Whales may be the largest animals on earth, but what happens after they die still remains something of a mystery: even the name given to their deaths — “whale fall” — evokes a sense of the unknowable. But the latest Fine Arts graduate student to be named Artist-in-Residence with Ocean Networks Canada is seeking to both explore and de-mystify the unique relationship between a descending whale carcass and the countless species that will spend decades feeding on the biomass.
“Imagine you build a new apartment building and various people live there as it ages and eventually falls apart,” notes current Department of Writing MFA candidate Neil Griffin. “That’s what happens with a whale carcass: various scavengers and decomposers move in and out . . . there are even worms that take hundreds of years to burrow single-mindedly through a thick whale vertebrae to get to the marrow inside.”
ONC’s latest artist-in-residence
As the fourth Artist-in-Residence (AIR) with Ocean Networks Canada (ONC) — a continuing partnership with Faculty of Fine Arts graduate students that has engaged previous AIRs Colin Malloy (School of Music), Dennis Gupa (Theatre) and Colton Hash (Visual Arts) — Griffin will be fusing the creative with the scientific in a series of lyric essays titled Whale Fall, which will explore the ecological stages of whale decomposition from its last breath to its incorporation into the deep-sea ecoscape.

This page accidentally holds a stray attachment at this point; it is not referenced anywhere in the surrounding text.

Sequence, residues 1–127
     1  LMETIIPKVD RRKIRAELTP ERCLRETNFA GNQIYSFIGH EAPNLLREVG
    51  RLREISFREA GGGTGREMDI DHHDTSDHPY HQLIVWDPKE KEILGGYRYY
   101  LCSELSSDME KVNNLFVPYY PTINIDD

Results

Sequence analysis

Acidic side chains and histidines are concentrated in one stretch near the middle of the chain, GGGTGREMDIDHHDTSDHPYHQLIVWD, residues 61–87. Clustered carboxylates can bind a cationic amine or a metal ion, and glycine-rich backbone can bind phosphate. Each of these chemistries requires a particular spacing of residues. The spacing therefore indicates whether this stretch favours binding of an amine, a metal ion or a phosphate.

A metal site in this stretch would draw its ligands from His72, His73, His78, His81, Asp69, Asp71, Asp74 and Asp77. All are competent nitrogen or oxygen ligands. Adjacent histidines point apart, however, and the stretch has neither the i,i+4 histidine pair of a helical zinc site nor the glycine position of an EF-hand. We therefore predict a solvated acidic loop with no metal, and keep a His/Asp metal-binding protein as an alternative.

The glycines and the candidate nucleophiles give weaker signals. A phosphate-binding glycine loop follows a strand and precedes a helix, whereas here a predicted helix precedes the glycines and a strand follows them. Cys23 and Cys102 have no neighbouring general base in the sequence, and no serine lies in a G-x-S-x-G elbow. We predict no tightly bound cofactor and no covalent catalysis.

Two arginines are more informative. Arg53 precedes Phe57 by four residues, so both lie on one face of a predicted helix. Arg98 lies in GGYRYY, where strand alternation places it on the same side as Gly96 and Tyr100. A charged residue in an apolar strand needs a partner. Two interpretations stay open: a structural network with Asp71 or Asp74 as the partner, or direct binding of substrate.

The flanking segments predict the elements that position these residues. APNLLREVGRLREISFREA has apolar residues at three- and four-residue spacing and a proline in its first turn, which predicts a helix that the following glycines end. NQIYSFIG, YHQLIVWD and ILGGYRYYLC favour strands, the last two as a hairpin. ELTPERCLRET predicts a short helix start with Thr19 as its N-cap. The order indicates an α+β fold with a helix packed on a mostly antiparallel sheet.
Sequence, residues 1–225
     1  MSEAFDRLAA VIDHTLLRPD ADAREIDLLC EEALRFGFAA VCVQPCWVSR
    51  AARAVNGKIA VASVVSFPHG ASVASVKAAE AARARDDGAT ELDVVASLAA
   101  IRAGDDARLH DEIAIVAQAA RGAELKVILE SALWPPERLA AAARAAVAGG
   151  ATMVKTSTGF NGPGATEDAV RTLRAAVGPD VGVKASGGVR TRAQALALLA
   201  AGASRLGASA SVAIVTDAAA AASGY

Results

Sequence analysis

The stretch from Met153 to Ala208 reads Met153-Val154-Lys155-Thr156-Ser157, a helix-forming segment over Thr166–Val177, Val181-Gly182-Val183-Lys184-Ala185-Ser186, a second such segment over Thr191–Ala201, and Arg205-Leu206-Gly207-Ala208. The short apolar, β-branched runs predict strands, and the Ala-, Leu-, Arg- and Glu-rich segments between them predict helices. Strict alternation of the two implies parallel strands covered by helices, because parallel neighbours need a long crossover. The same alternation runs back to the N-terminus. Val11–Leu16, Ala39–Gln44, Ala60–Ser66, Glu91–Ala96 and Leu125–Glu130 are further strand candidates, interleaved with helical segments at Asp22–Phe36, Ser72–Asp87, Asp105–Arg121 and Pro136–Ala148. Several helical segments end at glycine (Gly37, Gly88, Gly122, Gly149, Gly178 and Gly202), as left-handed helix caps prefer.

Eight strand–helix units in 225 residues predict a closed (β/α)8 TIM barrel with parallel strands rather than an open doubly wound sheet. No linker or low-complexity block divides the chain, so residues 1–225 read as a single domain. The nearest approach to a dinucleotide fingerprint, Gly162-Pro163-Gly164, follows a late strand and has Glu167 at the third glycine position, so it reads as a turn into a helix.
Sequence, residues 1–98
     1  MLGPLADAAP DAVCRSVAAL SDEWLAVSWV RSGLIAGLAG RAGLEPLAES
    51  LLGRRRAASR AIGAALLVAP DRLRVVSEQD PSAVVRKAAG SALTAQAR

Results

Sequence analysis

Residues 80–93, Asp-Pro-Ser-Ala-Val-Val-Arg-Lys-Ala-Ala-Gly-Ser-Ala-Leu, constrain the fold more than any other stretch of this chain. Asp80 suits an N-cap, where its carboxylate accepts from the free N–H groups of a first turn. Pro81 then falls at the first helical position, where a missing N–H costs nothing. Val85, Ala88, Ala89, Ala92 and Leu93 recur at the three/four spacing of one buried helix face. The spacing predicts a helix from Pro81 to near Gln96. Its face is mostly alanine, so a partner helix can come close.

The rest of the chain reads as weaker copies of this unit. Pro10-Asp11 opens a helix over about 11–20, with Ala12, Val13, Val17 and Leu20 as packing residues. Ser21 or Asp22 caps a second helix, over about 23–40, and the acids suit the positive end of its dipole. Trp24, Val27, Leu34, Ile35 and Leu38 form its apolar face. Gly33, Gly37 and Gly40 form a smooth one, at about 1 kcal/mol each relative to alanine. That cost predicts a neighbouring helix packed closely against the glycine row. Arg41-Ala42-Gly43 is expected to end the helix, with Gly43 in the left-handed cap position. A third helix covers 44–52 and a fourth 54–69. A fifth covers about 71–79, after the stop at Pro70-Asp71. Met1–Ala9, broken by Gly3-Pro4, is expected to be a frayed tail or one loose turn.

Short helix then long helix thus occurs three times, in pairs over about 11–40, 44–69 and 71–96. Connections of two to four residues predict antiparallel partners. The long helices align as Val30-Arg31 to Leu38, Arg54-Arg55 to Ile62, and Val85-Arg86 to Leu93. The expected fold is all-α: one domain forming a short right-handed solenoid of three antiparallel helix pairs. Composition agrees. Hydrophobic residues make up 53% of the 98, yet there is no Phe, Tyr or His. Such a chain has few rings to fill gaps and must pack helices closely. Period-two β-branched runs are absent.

Fortuitously, Griffin’s proposal also lines up with ONC’s own multi-year project, Life After Death: Whale-fall Succession and Bone Decomposition Under Varying Oceanographic Conditions. Led by staff scientist Fabio De Leo, one part of this project will see a whale carcass deployed in 2025 at 890 metres off Vancouver Island under low-oxygen conditions, where it will be continuously monitored for three years with high resolution video and sensors.
“It’s a fairly new field, but some of the best minds thinking about it are right here,” notes Griffin.
Talking about science
Griffin — a trained biologist who spent a decade with the University of Calgary studying wildlife in the likes of Belize, Honduras and East Africa — sees a direct connection between his previous fieldwork and his current graduate work. His MFA thesis, for example, is The Museum of Ruin, a SSHRC-funded book-length essay exploring the biological and human history of extinction. The Tyee also recently published his essay, The Riddle of the Monkey Puzzle Tree, a fascinating conjunction of history, colonialism and natural science.
“All of my writing comes out of the tenants of wildlife biology: being the observer, trying to synthesize what you see together with what you think afterwards,” he explains. “These two fields of knowledge that we keep so far apart have at their shared core the same interest in raising up the depths and exploring the unknown—be that the psyche for the arts or the natural world for the sciences. When I saw there was a residency looking for that, it seemed right up my alley.”